(c3 == otherC3) shouldBe res0
(c3 == f3) shouldBe res1

Enumerations

Our above definition of the Note type allows users to create instances with invalid names and durations:

val invalidNote = Note("not a name", "not a duration", 3)

It is generally a bad idea to work with a model that makes it possible to reach invalid states. In our case, we want to restrict the space of the possible note names and durations to a set of fixed alternatives.

In the case of note names, the alternatives are either A, B, C, D, E, F or G. We can express the fact that note names are a fixed set of alternatives by using a sealed trait, but in contrast to the previous example alternatives are not case classes because they aggregate no information:

sealed trait NoteName
case object A extends NoteName
case object B extends NoteName
case object C extends NoteName
…
case object G extends NoteName

Algebraic Data Types

Data types defined with sealed trait and case classes are called algebraic data types. An algebraic data type definition can be thought of as a set of possible values.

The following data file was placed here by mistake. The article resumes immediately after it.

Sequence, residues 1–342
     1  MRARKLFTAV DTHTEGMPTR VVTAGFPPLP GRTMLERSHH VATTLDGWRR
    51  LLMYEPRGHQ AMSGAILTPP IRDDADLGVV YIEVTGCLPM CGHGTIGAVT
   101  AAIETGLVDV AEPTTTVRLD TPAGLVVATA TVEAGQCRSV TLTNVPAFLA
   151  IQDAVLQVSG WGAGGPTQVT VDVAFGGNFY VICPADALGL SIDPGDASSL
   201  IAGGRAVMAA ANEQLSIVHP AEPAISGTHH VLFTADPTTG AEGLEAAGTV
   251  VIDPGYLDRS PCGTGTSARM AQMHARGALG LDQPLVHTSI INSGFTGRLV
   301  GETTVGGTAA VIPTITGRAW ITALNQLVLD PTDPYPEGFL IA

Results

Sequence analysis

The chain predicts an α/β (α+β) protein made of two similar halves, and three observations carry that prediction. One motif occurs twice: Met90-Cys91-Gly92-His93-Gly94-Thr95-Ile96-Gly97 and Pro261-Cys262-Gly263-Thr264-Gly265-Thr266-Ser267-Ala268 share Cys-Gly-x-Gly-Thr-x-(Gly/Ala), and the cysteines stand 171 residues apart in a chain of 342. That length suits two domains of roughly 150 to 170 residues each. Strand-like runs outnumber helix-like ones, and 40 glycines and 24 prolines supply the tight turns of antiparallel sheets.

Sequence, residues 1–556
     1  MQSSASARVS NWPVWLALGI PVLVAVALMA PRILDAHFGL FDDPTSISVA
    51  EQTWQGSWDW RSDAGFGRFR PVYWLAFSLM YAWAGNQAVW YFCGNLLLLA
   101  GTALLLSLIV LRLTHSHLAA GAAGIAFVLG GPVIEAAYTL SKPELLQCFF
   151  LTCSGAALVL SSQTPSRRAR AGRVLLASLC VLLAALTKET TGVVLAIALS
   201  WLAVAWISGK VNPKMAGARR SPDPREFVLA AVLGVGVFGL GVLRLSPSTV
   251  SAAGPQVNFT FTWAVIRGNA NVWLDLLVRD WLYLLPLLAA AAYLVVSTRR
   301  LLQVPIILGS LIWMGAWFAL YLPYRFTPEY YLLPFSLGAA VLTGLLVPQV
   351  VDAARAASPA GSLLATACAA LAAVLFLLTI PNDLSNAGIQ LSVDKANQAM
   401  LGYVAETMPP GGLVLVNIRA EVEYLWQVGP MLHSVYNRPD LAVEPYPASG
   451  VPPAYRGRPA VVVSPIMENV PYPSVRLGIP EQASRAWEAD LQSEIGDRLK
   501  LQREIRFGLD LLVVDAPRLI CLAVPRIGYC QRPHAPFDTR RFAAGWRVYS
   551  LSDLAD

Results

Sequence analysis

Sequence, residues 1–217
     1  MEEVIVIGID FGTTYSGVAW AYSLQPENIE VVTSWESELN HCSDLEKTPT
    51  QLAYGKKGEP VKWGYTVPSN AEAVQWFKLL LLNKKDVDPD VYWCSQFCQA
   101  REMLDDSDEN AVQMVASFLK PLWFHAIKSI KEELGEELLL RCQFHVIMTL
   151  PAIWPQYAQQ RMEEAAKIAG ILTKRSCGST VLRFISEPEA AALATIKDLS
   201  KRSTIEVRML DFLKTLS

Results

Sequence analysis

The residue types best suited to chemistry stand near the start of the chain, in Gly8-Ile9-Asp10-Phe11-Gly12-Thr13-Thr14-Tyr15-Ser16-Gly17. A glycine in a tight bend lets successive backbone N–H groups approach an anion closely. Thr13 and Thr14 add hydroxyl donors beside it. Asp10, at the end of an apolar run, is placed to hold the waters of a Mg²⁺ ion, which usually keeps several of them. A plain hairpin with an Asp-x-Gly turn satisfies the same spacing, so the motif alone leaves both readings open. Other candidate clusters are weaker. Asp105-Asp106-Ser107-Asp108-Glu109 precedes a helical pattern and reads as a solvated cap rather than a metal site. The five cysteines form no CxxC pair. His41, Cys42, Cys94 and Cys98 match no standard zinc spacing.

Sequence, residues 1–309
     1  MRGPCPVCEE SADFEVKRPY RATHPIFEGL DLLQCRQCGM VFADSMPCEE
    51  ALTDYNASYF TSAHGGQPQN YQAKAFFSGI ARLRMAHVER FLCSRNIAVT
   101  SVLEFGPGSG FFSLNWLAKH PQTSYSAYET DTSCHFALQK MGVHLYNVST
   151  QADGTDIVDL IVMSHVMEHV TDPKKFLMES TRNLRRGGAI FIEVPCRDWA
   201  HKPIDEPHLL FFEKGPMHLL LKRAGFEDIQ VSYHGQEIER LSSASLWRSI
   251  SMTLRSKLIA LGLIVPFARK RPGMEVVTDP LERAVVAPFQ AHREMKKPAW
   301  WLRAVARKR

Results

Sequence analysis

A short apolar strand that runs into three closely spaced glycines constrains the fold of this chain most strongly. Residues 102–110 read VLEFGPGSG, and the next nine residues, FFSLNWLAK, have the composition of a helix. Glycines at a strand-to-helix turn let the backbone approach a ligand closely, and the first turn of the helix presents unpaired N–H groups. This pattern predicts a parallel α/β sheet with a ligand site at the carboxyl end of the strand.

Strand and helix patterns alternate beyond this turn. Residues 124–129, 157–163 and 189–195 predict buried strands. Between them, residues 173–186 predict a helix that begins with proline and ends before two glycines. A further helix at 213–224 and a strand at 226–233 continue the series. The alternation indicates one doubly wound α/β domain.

Algebraic data types are a powerful way to structure information.

If a concept of your program’s domain can be formulated in terms of an is relationship, you will express it with a sealed trait:

“A symbol is either a note or a rest.”

sealed trait Symbol
case class Note(…) extends Symbol
case class Rest(…) extends Symbol

On the other hand, if a concept of your program’s domain can be formulated in terms of an has relationship, you will express it with a case class:

“A note has a name, a duration and an octave number.”

case class Note(name: String, duration: String, octave: Int) extends Symbol

Exercise

Consider the following algebraic data type that models note durations. Complete the implementation of the function fractionOfWhole, which takes as parameter a duration and returns the corresponding fraction of the Whole duration.

sealed trait Duration
case object Whole extends Duration
case object Half extends Duration
case object Quarter extends Duration

def fractionOfWhole(duration: Duration): Double =
  duration match {
    case Whole => 1.0
    case Half => res0
    case Quarter => res1
  }

fractionOfWhole(Half) shouldBe 0.5
fractionOfWhole(Quarter) shouldBe 0.25